In Xanadu did Kubla Khan
A stately pleasure-dome decree:
Where Alph, the sacred river, ran
Through caverns measureless to man
Down to a sunless sea.
The shadow of the dome of pleasure
Floated midway on the waves;
Where was heard the mingled measure
From the fountain and the caves.
It was a miracle of rare device
A sunny pleasure-dome with caves of ice!
And drunk the milk of Paradise.
— Kubla Khan by Samuel Taylor Coleridge
Steampunk’s energy is the Victorian pursuit of Xanadu; that the fantastic might yet be achieved by people of vision, science and passion. The twentieth century shook that confidence as we lived the experience that the fantastic is too often achieved at an unbearable cost. But we haven’t given up on the dream. Steampunk explores the fantastic and critiques it.
Perhaps socialism, for instance, could only have been born out of Victorian confidence, and social engineering is as much a subject for critique in steampunk as mechanical engineering. Re-imagining how people could live together is part of the science fiction tradition.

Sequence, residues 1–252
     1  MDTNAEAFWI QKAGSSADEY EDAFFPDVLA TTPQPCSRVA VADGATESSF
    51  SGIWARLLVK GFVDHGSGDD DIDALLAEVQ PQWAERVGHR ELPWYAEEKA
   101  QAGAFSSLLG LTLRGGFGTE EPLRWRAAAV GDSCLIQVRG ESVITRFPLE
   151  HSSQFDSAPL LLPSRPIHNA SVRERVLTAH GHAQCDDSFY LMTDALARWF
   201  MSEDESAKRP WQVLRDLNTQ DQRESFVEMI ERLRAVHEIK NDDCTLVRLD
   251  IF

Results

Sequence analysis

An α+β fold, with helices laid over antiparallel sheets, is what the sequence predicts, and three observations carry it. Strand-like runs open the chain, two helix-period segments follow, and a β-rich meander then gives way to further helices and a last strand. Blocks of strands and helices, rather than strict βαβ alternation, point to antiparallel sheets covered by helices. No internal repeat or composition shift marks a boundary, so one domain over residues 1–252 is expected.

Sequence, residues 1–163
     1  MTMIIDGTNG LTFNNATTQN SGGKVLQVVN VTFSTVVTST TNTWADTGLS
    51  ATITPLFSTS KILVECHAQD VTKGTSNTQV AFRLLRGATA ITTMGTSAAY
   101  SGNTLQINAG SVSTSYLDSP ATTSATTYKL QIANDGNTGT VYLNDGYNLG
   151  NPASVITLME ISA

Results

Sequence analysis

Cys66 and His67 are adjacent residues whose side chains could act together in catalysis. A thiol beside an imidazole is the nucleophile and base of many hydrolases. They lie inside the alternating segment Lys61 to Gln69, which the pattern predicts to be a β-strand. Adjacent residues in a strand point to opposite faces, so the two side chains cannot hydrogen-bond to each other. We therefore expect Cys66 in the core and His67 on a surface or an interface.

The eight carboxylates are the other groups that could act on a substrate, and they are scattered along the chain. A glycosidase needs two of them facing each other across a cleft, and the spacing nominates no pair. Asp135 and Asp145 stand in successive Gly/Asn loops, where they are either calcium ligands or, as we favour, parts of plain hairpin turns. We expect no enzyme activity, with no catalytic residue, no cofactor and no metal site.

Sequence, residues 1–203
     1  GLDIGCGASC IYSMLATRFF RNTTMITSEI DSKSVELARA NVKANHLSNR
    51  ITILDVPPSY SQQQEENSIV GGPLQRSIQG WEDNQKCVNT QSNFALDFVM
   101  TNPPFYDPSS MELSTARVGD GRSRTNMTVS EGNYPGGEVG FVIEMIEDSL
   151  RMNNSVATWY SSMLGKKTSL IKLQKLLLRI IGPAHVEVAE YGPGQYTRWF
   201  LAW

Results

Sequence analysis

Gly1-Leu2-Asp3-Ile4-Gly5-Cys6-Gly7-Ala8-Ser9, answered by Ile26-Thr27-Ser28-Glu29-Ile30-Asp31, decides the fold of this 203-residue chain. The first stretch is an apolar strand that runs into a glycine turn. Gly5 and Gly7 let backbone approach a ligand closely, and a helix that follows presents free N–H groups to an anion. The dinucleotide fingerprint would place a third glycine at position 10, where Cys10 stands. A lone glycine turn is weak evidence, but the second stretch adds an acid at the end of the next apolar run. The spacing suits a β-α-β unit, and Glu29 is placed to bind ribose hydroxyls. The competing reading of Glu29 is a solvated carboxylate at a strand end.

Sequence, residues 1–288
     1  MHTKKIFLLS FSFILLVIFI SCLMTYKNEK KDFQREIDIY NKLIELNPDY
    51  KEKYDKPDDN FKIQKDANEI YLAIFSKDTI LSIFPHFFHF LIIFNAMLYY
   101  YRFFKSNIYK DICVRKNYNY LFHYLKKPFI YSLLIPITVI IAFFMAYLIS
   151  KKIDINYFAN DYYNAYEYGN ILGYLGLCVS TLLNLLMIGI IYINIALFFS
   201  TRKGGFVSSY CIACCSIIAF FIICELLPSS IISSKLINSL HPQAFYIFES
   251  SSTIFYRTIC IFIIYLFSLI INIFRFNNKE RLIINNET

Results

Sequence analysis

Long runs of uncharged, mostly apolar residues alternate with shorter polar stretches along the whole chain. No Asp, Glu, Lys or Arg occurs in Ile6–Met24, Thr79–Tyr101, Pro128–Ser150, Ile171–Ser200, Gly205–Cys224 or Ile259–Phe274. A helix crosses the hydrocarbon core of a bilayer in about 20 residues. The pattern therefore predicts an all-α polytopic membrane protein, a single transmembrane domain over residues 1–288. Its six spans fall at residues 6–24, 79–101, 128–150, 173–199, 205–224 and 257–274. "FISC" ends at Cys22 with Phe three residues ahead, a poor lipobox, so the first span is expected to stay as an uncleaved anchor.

In Xanadu life is different … but its very differences highlight our hopes and fears, frustrations and joys.
There are many aspects of steampunk, and in highlighting one, I don’t feel you deny others. Steampunk is the creation of everyone who engages with it.
* I know this is a fairly unfocused post. There’ll be probably be more of them. I’m writing a steampunk novel and that means I’m thinking about steampunk–its freedoms and limitations, and its appeal.